Lacan on Satisfaction
“In other words — for the moment, I am not fucking, I am talking to you. Well! I can have exactly the same satisfaction as if I were fucking. That’s what it means. Indeed, it raises the question of whether in fact I am not fucking at this moment.”
(Lacan, Seminars, Book XI)
On the surface this quote seems merely a prime candidate for the Lacan Sans Contexte twitter feed, but it, and the ensuing remarks in Seminar XI, cuts to the very core of psychoanalysis’ key contribution to thought. That is, the transitivity of desire, or the “Vicissitudes of the Drive”.
These ideas, taken together, allow us to venture forth a premise: “Everybody does exactly what they want all of the time.” Despite how bold this sounds, especially to those of you reading this article on a mobile device crammed onto public transport in the early hours of the morning heading to a job you don’t like (thanks for reading BTW), this is, in very simple terms, the central mystery and insight of psychoanalytic theory, as well as existential theories of the will (such as Nietzsche, Heidegger, and Sartre’s). But where these existential theorists were content to prioritize the forces behind action and choice (will), and point to how these can entangle themselves in inauthentic or reactive “bad states”, they overlooked the task (perhaps with the exception of Nietzsche) of giving interpretation to these “vicissitudes of the will”, or do so only in the broadest of terms.
So, for example, for Heidegger it is the experience of anxiety that both propels Dasein to dwell inauthentically in the “They” (as well as providing the means of its release), and for Sartre it was the byproduct of the structure of belief and the emptiness of consciousness itself that would have the ego falling into mauvaise foi, bad faith. Both of them held onto the notion that the seat of the soul, be that Dasein or Consciousness, was effectively good-natured, capable of becoming authentic but for one simple tragic flaw that had it default to inauthenticity (thus making the normative aspects of their philosophies necessary). What both of these thinkers miss, in foregoing a more subtle analysis of the kinds of traps the will falls into by simply calling them inauthentic, is a full appreciation of just how all-encompassing, and even essential, all of this so-called inauthenticity is (which possibly indicates that such a distinction is poorly founded in the first place). Perhaps Nietzsche understood this better. It is no surprise that both Heidegger and Sartre detested Freud.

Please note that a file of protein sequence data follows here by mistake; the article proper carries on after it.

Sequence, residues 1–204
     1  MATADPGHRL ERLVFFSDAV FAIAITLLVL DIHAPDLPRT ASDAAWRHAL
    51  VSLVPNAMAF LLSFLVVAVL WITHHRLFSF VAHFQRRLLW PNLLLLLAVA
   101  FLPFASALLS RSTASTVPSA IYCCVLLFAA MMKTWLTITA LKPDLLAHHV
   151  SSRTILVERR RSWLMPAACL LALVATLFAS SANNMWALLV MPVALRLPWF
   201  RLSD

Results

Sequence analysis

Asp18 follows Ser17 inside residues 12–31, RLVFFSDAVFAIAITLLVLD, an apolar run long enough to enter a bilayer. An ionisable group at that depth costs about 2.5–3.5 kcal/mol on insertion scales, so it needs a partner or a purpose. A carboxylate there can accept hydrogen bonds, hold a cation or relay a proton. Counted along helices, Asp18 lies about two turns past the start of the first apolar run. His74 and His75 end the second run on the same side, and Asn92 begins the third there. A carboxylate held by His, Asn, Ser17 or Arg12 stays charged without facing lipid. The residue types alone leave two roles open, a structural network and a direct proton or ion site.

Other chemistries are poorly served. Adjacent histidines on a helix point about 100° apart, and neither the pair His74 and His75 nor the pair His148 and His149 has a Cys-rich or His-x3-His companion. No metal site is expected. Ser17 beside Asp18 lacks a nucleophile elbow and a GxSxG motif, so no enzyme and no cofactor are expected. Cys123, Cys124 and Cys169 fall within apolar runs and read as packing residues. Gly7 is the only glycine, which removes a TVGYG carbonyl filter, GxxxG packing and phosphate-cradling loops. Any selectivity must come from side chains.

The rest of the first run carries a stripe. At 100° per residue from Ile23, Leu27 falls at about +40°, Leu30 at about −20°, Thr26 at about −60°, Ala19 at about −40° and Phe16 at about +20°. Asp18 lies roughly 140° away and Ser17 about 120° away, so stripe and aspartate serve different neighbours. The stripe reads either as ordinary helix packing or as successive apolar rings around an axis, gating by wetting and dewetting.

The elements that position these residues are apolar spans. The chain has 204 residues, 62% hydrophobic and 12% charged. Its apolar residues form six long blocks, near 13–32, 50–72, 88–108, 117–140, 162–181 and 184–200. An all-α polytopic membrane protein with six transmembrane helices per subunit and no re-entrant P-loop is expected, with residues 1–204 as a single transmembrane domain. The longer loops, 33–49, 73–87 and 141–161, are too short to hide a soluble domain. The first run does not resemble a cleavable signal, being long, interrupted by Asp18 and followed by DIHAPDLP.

But, wait, doesn’t psychoanalysis have as its goal its own state of authenticity? Doesn’t the process work by demonstrating to the subject all of the ways that they are misrepresenting their situation to themselves, how their motives don’t really aim at what they purport to aim, and that things would be much better for them if they just realized this and admitted it, taking it into their ego with all of the responsibility and subsequent “freeing of the will” that this entails?
We know that the forms of arrangement that exist between what works well and what works badly constitute a continuous series. What we have before us in analysis is a system in which everything turns out all right, and which attains its own sort of satisfaction. If we interfere in this, it is in so far as we think that there are other ways, shorter ones for example. (Lacan, Seminars, Book XI)
In order to grasp the full weight of this difference it is important to see in which ways the theory of drives distinguishes itself from any theory of the will.